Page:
HDSB Schools Participate with Indigenous Leaders to Create Murals for Learning
By Jason Misner
Dr. Frank J. Hayden Secondary School and Aldershot School have spent this school year collaborating with an Indigenous leader to create murals that hang in their libraries as a teaching tool.
Monique Aura, a guest artist of Oneida descent, spent time with students and staff from both Burlington schools to design and create the murals.
The murals visually demonstrate both schools ongoing commitment to valuing English as a Second Language (ESL)/English Language Learners (ELL) students’ cultural diversity and recognizes ongoing learning about Indigenous culture and honoring the land.
The artwork features images, symbols and words that represent the students and schools who participated. For example, the Aldershot mural shows a lion, while the Hayden mural includes a wolf, each representing the schools’ mascots.
“I was inspired by a similar project undertaken at Aldershot School by Teacher Librarian Karen Weber,” says Bryn Dewar, teacher librarian at Dr. Frank J. Hayden Secondary School. “I loved that the ESL class worked on the project and thought this would be a great opportunity to further engage our English learners and newcomers with the library, since their daily classes are based here. I also wanted to find ways of partnering with Indigenous artists and community members, and collaborate with different program areas, to embed ongoing learning about First Nations cultures for our students.”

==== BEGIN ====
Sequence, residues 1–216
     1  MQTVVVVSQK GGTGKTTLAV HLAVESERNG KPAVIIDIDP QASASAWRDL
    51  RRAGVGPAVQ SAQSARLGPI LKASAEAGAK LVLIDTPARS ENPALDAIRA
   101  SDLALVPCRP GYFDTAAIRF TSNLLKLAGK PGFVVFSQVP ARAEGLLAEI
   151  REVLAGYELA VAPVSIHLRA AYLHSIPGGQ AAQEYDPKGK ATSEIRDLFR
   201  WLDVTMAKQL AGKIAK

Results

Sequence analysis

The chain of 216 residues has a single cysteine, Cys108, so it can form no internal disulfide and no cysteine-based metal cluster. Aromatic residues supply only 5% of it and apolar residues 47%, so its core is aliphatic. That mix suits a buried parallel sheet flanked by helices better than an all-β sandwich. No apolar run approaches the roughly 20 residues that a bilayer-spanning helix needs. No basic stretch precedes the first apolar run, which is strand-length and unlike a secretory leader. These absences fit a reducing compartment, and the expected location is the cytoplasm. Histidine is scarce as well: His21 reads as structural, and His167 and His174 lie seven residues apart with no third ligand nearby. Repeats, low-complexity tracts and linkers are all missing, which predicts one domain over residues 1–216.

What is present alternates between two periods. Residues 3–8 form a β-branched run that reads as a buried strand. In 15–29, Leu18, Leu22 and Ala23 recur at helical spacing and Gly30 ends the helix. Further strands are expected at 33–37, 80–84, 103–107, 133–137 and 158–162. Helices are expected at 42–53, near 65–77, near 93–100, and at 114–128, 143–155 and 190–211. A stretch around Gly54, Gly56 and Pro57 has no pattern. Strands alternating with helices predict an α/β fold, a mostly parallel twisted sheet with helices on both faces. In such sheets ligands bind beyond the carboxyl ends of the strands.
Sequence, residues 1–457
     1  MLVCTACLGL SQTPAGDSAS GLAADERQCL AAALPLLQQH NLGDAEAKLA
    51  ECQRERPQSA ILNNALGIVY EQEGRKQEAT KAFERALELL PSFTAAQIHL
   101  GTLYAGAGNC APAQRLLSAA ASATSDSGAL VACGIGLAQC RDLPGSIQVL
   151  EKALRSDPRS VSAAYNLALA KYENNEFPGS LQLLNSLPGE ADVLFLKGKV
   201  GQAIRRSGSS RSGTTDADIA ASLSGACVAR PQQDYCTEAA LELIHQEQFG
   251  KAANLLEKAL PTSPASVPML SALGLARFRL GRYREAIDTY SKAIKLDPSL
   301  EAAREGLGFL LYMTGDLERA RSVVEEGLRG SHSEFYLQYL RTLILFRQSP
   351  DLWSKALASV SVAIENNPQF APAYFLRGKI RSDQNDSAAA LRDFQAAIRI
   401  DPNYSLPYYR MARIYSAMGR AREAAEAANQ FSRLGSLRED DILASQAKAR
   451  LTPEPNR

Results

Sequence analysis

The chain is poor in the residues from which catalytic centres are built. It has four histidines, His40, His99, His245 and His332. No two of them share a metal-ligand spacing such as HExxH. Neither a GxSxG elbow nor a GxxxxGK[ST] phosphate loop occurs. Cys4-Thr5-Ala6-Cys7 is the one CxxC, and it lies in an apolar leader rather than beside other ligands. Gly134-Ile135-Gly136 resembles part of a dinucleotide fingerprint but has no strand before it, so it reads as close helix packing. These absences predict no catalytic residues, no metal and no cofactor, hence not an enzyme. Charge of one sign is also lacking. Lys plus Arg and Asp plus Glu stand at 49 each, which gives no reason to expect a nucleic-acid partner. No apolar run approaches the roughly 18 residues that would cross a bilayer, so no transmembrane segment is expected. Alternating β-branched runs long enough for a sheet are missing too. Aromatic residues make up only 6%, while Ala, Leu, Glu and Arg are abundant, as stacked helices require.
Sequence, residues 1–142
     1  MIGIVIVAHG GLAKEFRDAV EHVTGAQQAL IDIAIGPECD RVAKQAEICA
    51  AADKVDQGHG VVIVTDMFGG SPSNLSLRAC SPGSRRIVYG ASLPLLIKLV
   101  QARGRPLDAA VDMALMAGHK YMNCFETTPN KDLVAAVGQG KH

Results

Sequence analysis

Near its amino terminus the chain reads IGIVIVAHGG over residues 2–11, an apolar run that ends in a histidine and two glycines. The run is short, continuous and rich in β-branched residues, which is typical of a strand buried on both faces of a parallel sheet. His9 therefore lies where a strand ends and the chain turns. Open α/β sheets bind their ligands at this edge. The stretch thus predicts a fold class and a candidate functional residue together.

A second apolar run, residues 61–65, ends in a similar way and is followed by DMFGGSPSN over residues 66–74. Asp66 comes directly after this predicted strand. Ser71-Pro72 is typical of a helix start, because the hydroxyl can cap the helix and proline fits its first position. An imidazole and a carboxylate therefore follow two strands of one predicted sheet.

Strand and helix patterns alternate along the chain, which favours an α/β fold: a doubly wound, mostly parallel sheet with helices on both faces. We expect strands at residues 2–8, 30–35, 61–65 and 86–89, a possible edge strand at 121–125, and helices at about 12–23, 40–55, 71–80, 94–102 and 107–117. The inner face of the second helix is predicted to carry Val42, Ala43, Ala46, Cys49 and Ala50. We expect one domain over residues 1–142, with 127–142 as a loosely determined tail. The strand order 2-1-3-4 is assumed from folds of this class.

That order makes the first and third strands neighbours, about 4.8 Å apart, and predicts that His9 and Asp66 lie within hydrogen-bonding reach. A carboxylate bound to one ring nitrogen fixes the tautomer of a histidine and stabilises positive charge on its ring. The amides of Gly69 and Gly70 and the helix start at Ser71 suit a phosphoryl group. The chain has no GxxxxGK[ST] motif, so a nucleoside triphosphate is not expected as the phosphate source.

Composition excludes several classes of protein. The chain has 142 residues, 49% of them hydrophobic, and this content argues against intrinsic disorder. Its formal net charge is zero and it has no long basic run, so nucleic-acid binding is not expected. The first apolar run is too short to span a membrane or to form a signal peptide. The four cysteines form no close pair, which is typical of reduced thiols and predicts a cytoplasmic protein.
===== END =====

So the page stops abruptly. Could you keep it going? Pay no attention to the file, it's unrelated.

Planning for these murals began in the fall and painting started in the spring.
“The project enables students to recognize the contributions of Indigenous peoples to Canada including the cultural development of the country,” says Laura Sgambelluri, Hayden’s program lead for ESL, French and Arts. “With the collaboration of Monique Aura, students shared information with each other about their own languages and cultures, and about their experiences of their native countries and as newcomers to Canada. Together, students developed their intercultural awareness, strengthening their personal identity and weaving together Indigenous and newcomer identities and stories.”
Karen Weber, Teacher Librarian at Aldershot High School, was part of a group that enlisted the help of Aura to create the other mural at the school. The goal, she says, was to honour the Calls to Action of the Truth and Reconciliation Commission of Canada, specifically, those related to Education for Reconciliation (Articles 62 and 63). A grant application was made with the help of Aldershot School ELL students.
“By co-creating this mural, newcomer students have an opportunity to look back and learn about our local First Nations communities,” says Weber. “They are also encouraged to see themselves in the present at Aldershot as a positive change within the school.”
Students were amazed at how the murals turned out and what they represented.
Erkan Ahmetoglu, a Grade 10 student at Hayden, included in the mural the importance of the stars in the Turkish flag of their home country.
“It’s important to me to understand First Nations because I am new here, and learning about Indigenous peoples’ culture and heritage helps me understand what being Canadian means.”
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